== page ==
I'm pretty comfortable with the term "courtliness" to describe that. An equivalent in American sports would be a football receiver waiting for a defensive back who's slipped and fallen, or a base runner stopping at third because an outfielder has injured himself diving for a ball. It's not going to happen.

My 2003 Christmas present for all fans of Armstrong, the Tour de France, bicycles and yellow jerseys: I will not mention any of it again before 2004.

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More mail: Sports flix [PERMALINK]

Readers had many good alternative suggestions for Wednesday's Sports Daily film festival. Here are a few, with my comments:

"Breaking Away" (1979): This was the movie my friend was talking about when she first used the term "jumping over fences movie" in my presence. It's nice, though. Ditto "Chariots of Fire" (1981), though that one's really pretty sappy.

"Fear Strikes Out" (1957): Anthony Perkins as baseball player Jimmy Piersall, who came back from a mental breakdown. This just missed the list. I think it's kind of pedestrian, really. Perkins is good doing that psycho thing, but I think he was way miscast -- Piersall was a two-fisted, square-jawed tough guy, not a mousy nervous sort like Perkins. And the whole thing kind of comes across as a TV movie before the age of TV movies. Passable, but "Somebody Up There Likes Me" has more goofy charm in the biopic category.

"A League of Their Own" (1987): A fairly early cut from the program. Not a bad movie at all, with nice performances and some snappy writing. But in the last reel it becomes a standard buddy picture, sports division. There's a real interesting story to be told about that women's pro baseball league -- did you know they actually played softball in the first few years? -- but it didn't really get told here. I guess that's OK, but the real problem was that the movie got all soft at the end. More Jon Lovitz wisecracking and Tom Hanks being disgusting, and less Geena Davis and Lori Petty hugging. That woulda been good.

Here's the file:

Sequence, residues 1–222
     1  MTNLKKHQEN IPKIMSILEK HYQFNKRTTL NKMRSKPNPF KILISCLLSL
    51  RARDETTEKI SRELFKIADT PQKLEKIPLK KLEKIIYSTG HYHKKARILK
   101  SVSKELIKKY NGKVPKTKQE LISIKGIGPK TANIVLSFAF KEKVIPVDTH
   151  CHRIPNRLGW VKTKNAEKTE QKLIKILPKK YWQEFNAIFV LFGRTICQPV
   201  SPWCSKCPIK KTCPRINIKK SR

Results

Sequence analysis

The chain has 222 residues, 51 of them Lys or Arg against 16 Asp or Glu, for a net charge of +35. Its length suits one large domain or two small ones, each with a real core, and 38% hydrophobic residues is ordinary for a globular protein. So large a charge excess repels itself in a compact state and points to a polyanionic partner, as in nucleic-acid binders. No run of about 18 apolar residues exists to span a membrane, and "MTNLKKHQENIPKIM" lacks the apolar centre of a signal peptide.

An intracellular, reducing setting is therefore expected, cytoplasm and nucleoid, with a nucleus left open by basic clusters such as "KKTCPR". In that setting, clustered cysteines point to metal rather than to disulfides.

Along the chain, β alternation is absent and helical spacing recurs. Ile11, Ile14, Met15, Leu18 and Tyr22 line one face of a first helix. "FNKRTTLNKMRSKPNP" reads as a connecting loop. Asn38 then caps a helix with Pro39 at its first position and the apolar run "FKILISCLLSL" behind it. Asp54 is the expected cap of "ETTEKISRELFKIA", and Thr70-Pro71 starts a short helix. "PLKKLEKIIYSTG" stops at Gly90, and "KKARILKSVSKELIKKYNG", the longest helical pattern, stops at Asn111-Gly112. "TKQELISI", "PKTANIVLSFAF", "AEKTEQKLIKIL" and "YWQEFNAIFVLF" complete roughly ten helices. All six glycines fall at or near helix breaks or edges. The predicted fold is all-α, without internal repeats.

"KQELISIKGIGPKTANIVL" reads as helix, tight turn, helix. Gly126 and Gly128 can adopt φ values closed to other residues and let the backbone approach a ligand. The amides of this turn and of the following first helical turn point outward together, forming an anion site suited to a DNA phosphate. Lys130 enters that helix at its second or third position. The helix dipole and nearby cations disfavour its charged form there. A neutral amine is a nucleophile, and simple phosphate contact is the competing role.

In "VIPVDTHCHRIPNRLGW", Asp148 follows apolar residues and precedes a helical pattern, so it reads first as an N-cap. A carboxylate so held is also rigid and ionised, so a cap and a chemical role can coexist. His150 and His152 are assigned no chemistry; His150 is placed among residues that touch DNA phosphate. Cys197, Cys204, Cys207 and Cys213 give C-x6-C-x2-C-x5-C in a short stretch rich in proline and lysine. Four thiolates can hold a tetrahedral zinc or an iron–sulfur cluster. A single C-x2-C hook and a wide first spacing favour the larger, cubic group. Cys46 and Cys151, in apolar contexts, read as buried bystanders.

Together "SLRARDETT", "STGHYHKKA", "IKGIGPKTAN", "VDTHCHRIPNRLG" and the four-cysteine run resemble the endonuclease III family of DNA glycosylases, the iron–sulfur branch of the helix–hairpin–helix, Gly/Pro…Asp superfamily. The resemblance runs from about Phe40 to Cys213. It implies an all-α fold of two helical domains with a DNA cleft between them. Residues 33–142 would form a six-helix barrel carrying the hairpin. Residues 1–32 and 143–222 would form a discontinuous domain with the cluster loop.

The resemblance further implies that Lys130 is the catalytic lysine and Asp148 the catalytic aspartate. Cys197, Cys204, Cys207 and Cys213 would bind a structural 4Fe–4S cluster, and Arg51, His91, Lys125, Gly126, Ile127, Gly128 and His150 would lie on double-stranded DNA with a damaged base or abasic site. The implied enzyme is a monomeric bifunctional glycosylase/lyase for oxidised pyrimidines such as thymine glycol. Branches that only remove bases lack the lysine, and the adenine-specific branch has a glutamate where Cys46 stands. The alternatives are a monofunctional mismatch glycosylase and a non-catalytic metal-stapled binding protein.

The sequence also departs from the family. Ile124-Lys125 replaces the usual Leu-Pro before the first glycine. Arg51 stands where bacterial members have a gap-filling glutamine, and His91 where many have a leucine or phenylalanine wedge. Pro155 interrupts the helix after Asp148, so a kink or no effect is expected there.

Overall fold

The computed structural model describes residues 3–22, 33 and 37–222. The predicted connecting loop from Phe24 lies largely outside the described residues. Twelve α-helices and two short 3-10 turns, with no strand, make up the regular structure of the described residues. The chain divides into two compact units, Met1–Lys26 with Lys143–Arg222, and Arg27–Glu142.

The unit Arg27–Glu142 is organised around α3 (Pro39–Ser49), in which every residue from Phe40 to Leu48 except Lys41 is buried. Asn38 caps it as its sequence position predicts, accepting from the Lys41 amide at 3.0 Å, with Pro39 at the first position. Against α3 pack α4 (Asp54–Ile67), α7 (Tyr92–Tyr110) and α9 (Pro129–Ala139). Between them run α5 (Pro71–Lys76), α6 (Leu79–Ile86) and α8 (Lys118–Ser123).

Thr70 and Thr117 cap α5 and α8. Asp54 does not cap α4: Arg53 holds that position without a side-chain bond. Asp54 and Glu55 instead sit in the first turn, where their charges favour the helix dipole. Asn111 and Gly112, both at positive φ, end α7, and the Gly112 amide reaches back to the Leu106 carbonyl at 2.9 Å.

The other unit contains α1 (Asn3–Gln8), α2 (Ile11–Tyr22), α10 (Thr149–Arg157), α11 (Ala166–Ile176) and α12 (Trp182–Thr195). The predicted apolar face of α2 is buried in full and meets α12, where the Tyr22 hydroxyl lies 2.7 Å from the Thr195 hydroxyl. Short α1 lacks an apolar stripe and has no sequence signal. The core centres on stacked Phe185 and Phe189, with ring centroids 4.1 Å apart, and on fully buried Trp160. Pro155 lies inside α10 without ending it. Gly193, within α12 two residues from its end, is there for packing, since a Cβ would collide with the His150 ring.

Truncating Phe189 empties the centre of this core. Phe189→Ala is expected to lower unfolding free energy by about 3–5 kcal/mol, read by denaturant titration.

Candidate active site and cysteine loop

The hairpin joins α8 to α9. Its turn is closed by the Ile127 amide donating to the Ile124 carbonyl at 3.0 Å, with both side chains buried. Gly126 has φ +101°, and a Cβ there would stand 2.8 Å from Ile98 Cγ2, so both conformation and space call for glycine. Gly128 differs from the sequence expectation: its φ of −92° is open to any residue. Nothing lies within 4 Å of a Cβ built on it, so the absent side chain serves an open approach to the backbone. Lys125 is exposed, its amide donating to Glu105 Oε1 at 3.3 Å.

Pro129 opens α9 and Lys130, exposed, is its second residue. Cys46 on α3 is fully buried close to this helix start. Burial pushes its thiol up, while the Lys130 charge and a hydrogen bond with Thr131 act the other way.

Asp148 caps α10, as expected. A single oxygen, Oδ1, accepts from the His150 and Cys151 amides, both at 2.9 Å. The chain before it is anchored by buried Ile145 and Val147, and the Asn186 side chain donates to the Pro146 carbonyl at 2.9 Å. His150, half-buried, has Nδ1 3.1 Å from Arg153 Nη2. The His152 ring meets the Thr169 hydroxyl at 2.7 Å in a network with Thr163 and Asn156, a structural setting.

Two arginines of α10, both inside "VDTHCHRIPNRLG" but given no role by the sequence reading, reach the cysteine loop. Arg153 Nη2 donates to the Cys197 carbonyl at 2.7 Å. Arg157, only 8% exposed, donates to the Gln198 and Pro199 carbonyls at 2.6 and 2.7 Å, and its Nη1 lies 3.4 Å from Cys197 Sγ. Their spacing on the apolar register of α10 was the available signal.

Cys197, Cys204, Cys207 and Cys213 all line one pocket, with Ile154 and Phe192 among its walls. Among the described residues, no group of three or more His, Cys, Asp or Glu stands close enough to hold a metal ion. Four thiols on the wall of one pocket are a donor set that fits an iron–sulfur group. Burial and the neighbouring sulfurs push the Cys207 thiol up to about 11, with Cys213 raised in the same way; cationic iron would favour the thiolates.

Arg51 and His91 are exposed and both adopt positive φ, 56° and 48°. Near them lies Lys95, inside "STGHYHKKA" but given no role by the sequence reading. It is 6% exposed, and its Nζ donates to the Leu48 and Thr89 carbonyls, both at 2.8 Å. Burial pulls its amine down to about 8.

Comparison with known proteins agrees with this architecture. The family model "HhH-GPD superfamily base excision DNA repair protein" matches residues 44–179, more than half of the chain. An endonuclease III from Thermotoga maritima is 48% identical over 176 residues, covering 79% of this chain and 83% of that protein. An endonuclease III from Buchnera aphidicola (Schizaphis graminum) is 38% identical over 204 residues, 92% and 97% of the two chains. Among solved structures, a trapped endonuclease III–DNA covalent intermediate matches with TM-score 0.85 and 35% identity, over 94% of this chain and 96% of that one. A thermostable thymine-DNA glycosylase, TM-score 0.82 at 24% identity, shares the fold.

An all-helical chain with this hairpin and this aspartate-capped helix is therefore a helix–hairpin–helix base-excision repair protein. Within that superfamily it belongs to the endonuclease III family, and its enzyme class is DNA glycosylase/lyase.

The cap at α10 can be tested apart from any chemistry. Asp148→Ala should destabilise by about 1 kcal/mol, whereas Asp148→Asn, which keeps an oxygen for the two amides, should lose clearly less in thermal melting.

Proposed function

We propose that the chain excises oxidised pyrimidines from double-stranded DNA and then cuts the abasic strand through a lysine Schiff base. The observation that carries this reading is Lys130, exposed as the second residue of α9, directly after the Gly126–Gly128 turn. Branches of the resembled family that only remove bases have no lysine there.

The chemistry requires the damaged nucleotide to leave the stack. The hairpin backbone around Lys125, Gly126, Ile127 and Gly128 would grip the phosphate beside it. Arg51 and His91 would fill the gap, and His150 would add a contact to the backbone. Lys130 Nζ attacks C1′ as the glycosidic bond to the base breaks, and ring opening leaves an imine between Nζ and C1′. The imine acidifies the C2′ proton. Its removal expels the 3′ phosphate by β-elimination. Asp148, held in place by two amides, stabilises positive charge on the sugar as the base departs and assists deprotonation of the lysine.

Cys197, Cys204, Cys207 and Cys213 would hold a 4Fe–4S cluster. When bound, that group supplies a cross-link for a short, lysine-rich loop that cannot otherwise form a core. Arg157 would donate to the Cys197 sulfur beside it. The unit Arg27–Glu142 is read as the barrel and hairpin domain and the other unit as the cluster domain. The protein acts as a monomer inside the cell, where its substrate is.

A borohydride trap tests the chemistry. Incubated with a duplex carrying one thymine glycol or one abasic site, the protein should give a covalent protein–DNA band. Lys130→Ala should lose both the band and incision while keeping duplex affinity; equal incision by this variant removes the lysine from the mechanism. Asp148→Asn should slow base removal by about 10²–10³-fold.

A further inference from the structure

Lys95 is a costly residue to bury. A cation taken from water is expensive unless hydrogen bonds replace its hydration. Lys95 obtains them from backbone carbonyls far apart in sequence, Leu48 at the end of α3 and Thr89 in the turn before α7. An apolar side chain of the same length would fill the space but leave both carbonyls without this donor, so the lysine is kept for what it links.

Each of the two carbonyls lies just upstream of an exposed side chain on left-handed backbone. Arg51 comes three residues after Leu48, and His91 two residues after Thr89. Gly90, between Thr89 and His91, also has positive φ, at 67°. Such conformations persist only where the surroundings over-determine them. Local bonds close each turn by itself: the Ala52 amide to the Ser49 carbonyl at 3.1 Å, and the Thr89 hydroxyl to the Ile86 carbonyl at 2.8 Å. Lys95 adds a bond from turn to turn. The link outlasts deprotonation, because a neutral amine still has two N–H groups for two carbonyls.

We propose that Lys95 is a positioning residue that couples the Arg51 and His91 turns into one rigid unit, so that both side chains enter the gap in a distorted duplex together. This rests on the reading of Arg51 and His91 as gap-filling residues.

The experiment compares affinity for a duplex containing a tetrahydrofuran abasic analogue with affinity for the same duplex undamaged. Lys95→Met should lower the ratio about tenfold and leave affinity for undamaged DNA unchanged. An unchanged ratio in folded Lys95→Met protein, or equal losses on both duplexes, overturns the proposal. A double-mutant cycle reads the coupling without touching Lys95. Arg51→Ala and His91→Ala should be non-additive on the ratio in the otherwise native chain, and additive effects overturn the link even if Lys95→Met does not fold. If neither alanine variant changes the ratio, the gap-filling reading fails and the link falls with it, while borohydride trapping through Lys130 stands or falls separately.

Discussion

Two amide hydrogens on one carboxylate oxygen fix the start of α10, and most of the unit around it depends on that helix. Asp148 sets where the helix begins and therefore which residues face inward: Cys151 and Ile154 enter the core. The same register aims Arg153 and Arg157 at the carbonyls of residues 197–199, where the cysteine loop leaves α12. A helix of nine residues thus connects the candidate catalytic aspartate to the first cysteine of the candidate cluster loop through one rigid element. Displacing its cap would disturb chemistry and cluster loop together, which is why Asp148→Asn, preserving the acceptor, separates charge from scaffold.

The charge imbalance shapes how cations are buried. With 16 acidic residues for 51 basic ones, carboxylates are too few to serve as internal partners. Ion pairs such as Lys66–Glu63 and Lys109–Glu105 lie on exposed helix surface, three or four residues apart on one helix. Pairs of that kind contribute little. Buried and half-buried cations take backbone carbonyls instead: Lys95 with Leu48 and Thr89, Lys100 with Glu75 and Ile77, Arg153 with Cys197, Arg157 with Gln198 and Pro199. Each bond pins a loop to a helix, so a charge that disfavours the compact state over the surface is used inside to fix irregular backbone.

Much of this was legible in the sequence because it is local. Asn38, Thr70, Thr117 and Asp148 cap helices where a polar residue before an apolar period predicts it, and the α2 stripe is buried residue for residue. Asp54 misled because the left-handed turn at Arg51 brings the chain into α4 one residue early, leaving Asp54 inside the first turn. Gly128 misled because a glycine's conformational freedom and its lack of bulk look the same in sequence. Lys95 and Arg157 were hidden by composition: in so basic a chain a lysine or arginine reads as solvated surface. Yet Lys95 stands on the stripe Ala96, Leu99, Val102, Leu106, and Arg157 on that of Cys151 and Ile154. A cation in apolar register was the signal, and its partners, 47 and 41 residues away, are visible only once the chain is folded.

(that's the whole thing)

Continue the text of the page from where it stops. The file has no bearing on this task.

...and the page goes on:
"North Dallas Forty" (1979): I've never been able to appreciate this football flick the way so many others of my acquaintance seem to. It seems like my kind of movie, a look at the dirty underbelly of professional sports. It's just always struck me as kind of not very good. I find myself bored silly.

"Personal Best" (1982): One reader called it "a semi-honest, enlightening look into amateur sports when such a thing actually existed at some level." Plus: naked fit bodies and lesbianism. I saw it a long time ago. Maybe I was too young to appreciate it, but all I remember is that it was really long and involved a lot of slow motion.

"Phar Lap" (1983): I've never seen this one about a real-life horse that can be fairly described as Australia's Seabiscuit. It's sort of been on my list to see for 20 years, without ever having risen anywhere near the top of my list, if you know what I mean. One reader called it "the movie 'Seabiscuit' should have been."

"Pat and Mike" (1952): Tracy and Hepburn. She's a golfer. Great screwball stuff with dialogue that snaps like a rubber band. "Not much meat on her, but what's there is cherce." I just forgot about it.